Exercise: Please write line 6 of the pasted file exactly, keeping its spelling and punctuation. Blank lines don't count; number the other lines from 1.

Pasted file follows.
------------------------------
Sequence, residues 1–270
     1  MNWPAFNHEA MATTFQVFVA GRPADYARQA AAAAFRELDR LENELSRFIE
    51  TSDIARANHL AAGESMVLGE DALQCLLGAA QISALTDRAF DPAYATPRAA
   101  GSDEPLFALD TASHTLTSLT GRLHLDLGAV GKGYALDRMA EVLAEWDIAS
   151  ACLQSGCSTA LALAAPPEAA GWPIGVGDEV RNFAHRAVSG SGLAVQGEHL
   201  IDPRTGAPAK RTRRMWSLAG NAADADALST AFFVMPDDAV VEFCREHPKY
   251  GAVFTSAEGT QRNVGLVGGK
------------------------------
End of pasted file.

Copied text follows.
   201  IDPRTGAPAK RTRRMWSLAG NAADADALST AFFVMPDDAV VEFCREHPKY